With a combined 3.12 grade point average and a graduation rate in the top seven percent of all NCAA Division I schools, Loyola student-athletes are successful in the classroom as well as on the playing field.
The academic success of Loyola student-athletes can be attributed to several factors: the hard work of the student-athletes; the priority placed on academics by coaches and staff; and the academic support available to all athletes. "At Loyola, academic success comes first, but that doesn't mean that athletics can't also be a success," Senior Associate Athletics Director Carolyn O'Connell said. "Our coaches emphasize the importance of academics and so we help our student-athletes if they are having problems."
The academic program director for Loyola student-athletes since 1988, Phyllis Williams builds relationships with the student-athletes that span their academic careers. "I am here the day they are recruited and I'm there at graduation, taking pictures," Williams said. "In between I try to help them reach their goals."
Freshmen and new transfer students get special attention from Williams as well as academic advisor Pat Hoffmann. They meet with the student-athletes regularly to monitor their progress and make sure they are on the right track. They send academic progress reports to professors during the semester to get information about class performance and suggestions for improvement and they share the responses with the student-athletes and coaches.
Williams and Hoffmann help student-athletes select courses and choose a major. Williams believes that by steering them toward what they love to do, she can help them be successful in school. As needed, they can direct student-athletes to a range of services to help them become the best students possible. This includes learning assistance workshops on topics such as note taking, textbook reading and test anxiety, to help students develop their study skills. It also includes other services, such as the Career Center, the Wellness Center and supportive services for students with disabilities.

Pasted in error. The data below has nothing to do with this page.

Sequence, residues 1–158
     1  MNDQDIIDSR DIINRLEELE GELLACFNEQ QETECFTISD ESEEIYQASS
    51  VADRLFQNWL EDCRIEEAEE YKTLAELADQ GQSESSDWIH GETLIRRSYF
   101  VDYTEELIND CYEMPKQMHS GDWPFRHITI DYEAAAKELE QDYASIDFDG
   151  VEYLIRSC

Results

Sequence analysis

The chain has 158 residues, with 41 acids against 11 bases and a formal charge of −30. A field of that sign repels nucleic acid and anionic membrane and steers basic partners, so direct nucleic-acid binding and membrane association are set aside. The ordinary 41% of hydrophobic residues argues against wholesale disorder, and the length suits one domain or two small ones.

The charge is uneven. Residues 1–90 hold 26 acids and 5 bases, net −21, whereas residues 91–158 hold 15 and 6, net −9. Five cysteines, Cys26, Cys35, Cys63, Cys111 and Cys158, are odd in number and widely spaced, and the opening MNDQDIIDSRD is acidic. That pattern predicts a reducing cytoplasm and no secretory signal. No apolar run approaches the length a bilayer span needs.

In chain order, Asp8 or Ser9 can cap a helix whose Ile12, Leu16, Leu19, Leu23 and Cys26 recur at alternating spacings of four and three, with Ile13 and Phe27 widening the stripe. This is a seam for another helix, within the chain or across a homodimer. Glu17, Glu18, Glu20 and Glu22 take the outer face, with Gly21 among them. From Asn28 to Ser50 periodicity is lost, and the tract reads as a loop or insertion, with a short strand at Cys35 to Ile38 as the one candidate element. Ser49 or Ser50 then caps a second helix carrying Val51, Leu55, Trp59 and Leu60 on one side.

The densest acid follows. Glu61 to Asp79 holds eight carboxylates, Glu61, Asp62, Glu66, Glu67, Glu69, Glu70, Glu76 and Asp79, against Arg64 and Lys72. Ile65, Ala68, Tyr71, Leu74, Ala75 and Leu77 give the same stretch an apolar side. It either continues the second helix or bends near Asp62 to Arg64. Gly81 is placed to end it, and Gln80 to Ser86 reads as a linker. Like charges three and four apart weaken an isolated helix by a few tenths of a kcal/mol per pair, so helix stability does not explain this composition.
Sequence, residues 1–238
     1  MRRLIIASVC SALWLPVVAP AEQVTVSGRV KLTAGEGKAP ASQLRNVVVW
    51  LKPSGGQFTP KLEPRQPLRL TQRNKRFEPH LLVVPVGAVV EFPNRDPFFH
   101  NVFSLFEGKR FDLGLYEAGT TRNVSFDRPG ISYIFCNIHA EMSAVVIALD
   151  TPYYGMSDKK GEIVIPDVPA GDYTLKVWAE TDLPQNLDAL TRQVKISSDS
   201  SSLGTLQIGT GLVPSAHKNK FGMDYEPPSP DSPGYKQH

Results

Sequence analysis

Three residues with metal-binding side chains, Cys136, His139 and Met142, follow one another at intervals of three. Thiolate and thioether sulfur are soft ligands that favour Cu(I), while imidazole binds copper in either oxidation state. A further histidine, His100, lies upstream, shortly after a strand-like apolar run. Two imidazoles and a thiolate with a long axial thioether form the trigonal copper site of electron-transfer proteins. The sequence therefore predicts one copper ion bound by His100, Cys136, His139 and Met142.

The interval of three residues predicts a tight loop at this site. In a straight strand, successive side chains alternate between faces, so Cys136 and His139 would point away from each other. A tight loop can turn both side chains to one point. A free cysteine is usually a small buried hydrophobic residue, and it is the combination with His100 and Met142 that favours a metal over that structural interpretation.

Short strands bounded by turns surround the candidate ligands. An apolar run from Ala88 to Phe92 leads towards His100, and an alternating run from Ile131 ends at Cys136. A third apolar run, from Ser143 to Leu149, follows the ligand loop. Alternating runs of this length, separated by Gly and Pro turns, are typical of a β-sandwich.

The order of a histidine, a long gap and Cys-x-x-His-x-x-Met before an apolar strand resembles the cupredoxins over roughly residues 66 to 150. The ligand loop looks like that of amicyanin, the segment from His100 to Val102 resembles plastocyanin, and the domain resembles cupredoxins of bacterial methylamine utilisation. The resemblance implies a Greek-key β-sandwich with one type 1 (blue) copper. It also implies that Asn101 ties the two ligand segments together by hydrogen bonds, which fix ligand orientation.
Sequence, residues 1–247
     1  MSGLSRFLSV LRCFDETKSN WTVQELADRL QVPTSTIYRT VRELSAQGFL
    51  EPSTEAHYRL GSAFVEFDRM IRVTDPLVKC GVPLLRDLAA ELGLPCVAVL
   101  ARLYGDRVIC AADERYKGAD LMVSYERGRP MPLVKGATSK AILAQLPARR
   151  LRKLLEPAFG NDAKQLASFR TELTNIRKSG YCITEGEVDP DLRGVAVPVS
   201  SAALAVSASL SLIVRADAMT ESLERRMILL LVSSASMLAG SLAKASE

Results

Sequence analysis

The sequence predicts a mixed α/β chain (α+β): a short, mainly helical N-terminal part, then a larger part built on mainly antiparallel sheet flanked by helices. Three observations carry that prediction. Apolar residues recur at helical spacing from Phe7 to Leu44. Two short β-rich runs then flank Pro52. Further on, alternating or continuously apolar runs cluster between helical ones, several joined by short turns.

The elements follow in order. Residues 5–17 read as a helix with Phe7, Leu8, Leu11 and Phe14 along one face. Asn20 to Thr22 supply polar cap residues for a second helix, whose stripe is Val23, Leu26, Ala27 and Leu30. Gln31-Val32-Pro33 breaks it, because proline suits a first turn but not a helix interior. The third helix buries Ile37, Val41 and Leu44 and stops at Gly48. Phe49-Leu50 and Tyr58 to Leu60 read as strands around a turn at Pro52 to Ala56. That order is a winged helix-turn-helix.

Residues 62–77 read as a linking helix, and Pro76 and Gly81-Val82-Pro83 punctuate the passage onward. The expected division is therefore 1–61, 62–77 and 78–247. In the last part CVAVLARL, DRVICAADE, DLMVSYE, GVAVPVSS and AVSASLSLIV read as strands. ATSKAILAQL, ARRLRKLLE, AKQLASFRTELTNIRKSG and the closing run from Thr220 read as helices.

Another resource for student-athletes is the NCAA Life Skills Program, which is offered at nearly 200 schools nationwide. The program is designed to help student-athletes bridge the gap from the college experience to life in the work world and in the community. Student-athletes are encouraged to do community service projects or attend workshops on topics such as career development, financial planning, eating disorders, alcohol abuse and date rape.
Beyond the support programs, Tom Hitcho, Senior Associate Athletics Director, credits Loyola professors for being helpful to student-athletes. "Without compromising academics, our professors are sensitive to the commitment student-athletes make to their school," Hitcho said. "Our professors are extremely helpful to our student-athletes and all students here at Loyola."